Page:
You probably know that I love reading; I love expanding my knowledge and getting lost in a story. I want my children to love reading as well. It will help them at school and I hope inspire their imaginations.
Encouraging children to read
Here are my suggestions to encourage your children to read. I’m not involved in education so these are based on what well-informed people have recommended to me.
- Read in front of your children so you model the behaviour you want them to copy. I’ve recently started reading first thing in the morning so my children see me when they come into my bedroom
- Inspire them with interesting stories by reading to them at bedtime. We read a variety of books including long books, for example, my husband is currently reading The Hobbit to them
- Make sure there are different books around so they can easily pick them up when they want to. We have two bookshelves for the children one downstairs and one in their bedroom.
- Motivate them with challenges, such as the library summer reading challenge
Making books available
It is much easier for children to read if there are books available for them. Our children are fortunate as they have lots of books, including books from mine and my husband’s childhood. If you don’t have a lot of books it is easy to get more, and it doesn’t have to cost a lot:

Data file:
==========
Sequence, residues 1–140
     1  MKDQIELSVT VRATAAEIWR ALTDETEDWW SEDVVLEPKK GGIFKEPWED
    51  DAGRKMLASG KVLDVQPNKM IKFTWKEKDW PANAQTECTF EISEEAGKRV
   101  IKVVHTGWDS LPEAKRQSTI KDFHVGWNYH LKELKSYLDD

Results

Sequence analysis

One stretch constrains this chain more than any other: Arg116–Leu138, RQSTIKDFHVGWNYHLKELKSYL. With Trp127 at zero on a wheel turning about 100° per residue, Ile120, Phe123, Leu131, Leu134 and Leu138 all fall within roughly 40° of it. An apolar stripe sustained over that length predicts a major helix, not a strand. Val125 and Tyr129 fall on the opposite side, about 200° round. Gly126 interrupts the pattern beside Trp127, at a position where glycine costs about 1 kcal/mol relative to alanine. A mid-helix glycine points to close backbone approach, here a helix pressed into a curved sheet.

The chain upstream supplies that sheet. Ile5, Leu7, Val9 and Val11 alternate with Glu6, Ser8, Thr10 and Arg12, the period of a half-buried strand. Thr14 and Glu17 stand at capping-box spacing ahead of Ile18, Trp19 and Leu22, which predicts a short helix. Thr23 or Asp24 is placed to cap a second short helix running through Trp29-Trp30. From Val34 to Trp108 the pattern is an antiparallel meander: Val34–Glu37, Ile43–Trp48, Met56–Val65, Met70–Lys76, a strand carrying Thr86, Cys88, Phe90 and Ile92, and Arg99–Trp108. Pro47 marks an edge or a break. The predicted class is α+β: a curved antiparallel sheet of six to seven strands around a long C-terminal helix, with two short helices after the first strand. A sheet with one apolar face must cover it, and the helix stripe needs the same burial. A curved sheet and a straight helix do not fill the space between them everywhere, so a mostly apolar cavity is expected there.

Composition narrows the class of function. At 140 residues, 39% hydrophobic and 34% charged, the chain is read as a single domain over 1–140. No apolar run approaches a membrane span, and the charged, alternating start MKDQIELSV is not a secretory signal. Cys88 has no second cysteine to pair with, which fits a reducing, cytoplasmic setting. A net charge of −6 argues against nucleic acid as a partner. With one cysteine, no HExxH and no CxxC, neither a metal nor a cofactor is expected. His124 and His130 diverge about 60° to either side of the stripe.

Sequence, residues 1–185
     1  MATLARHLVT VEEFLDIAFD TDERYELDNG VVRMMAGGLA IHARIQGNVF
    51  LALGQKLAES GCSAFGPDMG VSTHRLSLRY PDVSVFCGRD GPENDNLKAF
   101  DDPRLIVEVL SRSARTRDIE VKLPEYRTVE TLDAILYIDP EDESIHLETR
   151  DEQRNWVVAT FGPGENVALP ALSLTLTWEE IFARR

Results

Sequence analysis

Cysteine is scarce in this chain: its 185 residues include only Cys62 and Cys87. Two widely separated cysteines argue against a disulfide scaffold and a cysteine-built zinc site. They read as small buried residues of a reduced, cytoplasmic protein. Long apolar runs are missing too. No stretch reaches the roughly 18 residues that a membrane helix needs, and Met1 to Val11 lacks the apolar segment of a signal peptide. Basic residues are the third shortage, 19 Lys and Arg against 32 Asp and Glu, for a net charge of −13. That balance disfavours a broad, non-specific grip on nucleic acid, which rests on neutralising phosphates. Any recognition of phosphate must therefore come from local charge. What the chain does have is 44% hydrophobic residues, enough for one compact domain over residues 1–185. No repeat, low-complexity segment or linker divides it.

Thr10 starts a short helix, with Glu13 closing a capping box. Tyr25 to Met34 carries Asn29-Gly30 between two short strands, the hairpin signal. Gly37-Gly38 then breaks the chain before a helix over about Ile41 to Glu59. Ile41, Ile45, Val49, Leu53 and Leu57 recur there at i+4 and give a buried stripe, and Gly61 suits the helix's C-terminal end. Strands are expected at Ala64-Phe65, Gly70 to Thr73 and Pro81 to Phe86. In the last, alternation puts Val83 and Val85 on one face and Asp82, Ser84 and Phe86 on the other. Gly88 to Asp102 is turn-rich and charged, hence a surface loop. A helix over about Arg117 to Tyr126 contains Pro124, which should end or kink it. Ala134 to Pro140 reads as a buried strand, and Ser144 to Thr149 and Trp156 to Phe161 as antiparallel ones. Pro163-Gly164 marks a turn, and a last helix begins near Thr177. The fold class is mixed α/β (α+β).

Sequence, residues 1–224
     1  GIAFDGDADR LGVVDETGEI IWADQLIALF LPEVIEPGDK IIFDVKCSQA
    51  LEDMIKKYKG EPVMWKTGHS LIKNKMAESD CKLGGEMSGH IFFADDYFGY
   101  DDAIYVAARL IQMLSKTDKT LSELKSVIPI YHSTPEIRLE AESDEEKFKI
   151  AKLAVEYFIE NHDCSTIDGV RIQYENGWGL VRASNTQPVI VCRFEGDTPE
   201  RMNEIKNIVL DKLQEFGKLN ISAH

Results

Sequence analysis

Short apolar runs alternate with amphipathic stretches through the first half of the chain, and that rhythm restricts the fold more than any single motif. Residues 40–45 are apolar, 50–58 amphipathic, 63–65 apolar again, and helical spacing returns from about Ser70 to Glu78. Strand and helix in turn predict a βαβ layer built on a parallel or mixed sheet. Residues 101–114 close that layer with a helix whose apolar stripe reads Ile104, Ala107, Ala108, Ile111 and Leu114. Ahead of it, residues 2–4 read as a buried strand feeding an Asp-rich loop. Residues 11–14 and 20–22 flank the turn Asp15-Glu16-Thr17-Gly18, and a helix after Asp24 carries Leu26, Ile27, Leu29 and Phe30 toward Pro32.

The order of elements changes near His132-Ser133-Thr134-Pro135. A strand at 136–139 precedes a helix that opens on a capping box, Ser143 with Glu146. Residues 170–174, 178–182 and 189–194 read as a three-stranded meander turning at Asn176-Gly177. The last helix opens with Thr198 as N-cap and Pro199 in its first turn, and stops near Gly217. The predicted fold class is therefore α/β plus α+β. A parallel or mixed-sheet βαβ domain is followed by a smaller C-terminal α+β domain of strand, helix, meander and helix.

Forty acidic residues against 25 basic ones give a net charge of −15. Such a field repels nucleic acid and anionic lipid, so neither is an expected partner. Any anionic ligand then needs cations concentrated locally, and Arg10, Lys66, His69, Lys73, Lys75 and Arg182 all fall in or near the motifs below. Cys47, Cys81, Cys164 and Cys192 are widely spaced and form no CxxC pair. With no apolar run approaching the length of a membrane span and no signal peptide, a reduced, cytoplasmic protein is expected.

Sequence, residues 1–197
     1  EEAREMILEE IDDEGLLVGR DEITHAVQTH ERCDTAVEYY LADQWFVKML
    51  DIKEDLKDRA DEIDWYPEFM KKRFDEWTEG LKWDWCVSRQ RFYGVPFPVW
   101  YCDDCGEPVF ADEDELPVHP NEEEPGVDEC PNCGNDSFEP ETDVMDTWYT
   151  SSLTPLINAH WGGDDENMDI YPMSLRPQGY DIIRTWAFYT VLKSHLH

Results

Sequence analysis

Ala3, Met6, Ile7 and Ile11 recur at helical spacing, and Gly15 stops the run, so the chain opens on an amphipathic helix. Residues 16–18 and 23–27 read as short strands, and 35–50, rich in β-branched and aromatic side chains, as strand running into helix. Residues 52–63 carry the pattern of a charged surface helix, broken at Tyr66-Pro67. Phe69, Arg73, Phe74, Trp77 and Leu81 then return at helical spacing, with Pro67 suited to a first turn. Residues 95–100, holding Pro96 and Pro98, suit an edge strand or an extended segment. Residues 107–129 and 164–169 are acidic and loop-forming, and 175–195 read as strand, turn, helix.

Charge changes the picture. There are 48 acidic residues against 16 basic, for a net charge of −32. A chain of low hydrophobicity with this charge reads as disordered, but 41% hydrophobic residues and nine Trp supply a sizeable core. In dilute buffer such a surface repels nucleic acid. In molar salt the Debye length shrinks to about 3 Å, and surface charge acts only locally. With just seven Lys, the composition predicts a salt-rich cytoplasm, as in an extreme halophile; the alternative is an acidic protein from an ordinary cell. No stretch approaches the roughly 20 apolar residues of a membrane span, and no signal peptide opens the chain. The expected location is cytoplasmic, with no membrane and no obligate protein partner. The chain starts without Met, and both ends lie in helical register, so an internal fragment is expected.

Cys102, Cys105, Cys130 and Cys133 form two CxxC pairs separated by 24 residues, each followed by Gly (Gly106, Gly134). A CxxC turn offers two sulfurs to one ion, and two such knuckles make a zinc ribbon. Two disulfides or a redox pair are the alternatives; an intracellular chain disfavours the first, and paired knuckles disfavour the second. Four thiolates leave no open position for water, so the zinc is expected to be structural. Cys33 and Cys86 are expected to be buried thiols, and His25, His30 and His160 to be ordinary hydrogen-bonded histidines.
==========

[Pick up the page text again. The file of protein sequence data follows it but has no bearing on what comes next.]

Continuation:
- go to your local library, we try to go most Saturdays
- buy books from car boot sales or charity shops
- download free ebooks from Project Gutenberg or your local library
McDonald’s Roald Dahl books
Another way is to look out for book giveaways. For example, McDonald’s are currently giving away a small Roald Dahl book with each Happy Meal. Receiving a set of books from McDonald’s was very exciting for both of my children*. The books are extracts from Roald Dahl books and focus on one character. Of course, they all have artwork by Quentin Blake. As we have a full set of Roald Dahl book I didn’t think my eight year old daughter would be interested, but she loved being able to finish a book in one session.
My five year old son was initially attracted by the stickers and bookmark but was keen to read one. I know Roald Dahl books are well beyond his current reading level, and if we gave him Charlie and the Chocolate Factory he would be intimidated by the size of the book and the small print. However, these books are significantly smaller with larger print so he was happy to start one. He’s been reading one sentence a night and reached page 3. I hope when he realises it is the same text as the full book that it increases his reading confidence.
My son took part in the Summer Reading Challenge for the first time. He chose a variety of books including a Lego story and a paper craft book and loved collecting the stickers as he finished the books. However, the highlight was going to an award ceremony at the library this week to get a certificate and a medal. Knowing a medal was on offer was certainly a motivator for him.
Do your children like reading? How do you encourage them to read? What has worked best for them?
*Disclosure: This is a collaborative post, but all words and thoughts are my own